Rothchild described unscrupulous land deals cut in the early part of the century, when Florida was a swampy frontier, that established a way of doing business that has been passed down for decades.

He titled his book, "Up For Grabs," and many here think not much has changed.

Bob Joffe, an independent pollster and another observer of Florida's ways, agreed.

"Even after everyone who bought a lot got down here and discovered they'd bought swamp land, they built on it anyway and turned around and sold it to somebody else," he said. "This is Florida's history."

Florida's endless real-estate booms, its transient population and exploding growth created an environment for shenanigans at the local level. One former prosecutor, a transplanted northerner, said he found corruption so pervasive that it seemed to ooze out of the muck in the Everglades.

Take the Suit Case, which made headlines in the mid-1980s. Sergio Pereira, the well-tailored former Dade County manager, was known for his taste in fine clothes, the story goes, and bought his suits from a cut-rate clothier known for dealing in stolen goods.

The grand jury that indicted him for grand theft reported that "a bargain is a bargain, but a steal is not a deal." The charges were dropped on a technicality but not before Pereira became a south Florida legend.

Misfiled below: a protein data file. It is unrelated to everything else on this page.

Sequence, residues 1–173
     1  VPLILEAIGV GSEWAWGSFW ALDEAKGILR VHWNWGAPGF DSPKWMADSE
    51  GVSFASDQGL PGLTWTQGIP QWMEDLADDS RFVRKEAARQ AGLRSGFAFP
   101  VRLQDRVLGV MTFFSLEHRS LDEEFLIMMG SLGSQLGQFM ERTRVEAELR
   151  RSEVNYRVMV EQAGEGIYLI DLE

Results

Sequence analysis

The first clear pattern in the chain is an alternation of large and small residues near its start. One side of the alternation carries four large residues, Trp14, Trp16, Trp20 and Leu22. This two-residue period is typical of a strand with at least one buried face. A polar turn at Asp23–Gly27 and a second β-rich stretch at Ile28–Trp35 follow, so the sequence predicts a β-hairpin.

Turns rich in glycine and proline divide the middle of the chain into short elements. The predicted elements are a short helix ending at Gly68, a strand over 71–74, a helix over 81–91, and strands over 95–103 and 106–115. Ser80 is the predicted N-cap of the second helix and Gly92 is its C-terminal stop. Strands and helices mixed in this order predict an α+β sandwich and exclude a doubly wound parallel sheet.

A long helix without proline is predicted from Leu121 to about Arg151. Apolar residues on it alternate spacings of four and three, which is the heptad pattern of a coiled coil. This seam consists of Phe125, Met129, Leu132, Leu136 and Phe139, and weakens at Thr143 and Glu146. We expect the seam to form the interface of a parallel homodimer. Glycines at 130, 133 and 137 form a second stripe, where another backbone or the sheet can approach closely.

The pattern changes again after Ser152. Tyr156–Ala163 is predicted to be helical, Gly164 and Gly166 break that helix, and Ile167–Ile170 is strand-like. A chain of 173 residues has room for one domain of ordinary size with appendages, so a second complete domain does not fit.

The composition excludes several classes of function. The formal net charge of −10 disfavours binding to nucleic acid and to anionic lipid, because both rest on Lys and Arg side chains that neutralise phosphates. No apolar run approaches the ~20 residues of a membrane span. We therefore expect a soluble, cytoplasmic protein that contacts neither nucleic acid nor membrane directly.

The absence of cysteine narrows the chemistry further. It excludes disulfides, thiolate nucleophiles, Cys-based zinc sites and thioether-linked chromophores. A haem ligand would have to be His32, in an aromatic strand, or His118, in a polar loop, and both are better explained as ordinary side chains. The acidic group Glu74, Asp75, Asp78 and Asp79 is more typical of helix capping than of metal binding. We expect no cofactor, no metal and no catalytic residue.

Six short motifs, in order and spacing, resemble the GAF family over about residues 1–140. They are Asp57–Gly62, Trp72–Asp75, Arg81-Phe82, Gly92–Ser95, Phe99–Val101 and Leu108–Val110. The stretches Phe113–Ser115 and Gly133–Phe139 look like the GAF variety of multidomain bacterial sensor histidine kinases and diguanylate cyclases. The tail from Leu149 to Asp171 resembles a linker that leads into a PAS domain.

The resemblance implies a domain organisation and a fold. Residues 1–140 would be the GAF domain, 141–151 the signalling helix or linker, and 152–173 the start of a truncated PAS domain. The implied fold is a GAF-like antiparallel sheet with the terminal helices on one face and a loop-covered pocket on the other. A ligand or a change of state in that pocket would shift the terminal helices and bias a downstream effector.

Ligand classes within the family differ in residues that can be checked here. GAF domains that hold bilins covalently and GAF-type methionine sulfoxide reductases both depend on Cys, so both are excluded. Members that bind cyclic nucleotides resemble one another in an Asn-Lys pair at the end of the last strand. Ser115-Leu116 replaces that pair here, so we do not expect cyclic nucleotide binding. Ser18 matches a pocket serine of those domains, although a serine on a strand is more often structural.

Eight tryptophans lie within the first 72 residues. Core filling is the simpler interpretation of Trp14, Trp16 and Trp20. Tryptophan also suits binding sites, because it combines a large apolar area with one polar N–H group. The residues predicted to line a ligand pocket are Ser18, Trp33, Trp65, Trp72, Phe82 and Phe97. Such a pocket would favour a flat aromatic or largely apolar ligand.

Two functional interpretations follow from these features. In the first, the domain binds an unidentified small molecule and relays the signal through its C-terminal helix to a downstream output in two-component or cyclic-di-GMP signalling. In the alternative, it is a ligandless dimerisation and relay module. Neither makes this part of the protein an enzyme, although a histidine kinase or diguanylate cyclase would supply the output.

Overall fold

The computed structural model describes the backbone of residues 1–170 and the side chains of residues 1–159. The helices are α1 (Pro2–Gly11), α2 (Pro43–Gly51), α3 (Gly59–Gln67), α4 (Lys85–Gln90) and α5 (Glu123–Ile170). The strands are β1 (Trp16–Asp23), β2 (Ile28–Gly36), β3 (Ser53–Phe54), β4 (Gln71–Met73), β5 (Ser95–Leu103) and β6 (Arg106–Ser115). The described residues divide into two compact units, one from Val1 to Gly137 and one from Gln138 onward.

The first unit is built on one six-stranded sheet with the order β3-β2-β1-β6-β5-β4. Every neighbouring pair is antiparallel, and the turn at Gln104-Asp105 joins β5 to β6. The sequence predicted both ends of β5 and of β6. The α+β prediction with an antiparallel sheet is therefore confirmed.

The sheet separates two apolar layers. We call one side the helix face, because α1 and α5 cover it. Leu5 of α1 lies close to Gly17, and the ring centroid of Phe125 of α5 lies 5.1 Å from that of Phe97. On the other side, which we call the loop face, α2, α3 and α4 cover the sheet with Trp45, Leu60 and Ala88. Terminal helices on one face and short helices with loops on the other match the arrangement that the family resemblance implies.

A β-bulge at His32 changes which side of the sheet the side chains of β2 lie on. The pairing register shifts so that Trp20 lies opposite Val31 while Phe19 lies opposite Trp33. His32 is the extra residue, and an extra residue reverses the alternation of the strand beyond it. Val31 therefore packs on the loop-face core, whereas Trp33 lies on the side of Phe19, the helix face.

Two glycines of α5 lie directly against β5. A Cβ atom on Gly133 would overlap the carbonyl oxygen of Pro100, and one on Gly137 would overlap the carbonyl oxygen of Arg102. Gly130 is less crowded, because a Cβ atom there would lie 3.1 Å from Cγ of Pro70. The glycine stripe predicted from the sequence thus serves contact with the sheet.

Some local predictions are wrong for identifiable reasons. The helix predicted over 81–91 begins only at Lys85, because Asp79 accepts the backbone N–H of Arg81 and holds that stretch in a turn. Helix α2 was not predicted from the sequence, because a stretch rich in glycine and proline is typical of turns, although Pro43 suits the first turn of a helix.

Perhaps only in south Florida could a suburban mayor indicted three times survive long enough to be in office for a fourth indictment. John Lomelo, mayor of Sunrise in Broward County, was acquitted three times on state charges, but his undoing came in 1984 on a federal conviction of mail fraud.

"The kinds of people who run for a $6,000-a-year post as a member of a city or county commission are interested in having their egos stroked or making connections that will allow them to make money in other ways or both," said Joffe, whose polling firm, Mason-Dixon Florida Poll, monitors most of Florida voters' opinions of politics and government. "You don't get squeaky-clean reformers."

The reformers toil endlessly and with little success. Last spring, for example, they pushed a reform package onto the ballot only to watch voters overwhelmingly defeat it. The theory was that, if the $6,000-a-year Dade County commissioners were transformed into full-time professional commissioners, they would be immune to temptations that may get a low-paid elected official into trouble.

But the voters balked at the price tag. A salary of $51,600, the cynics said, was too much to pay people regarded as scoundrels.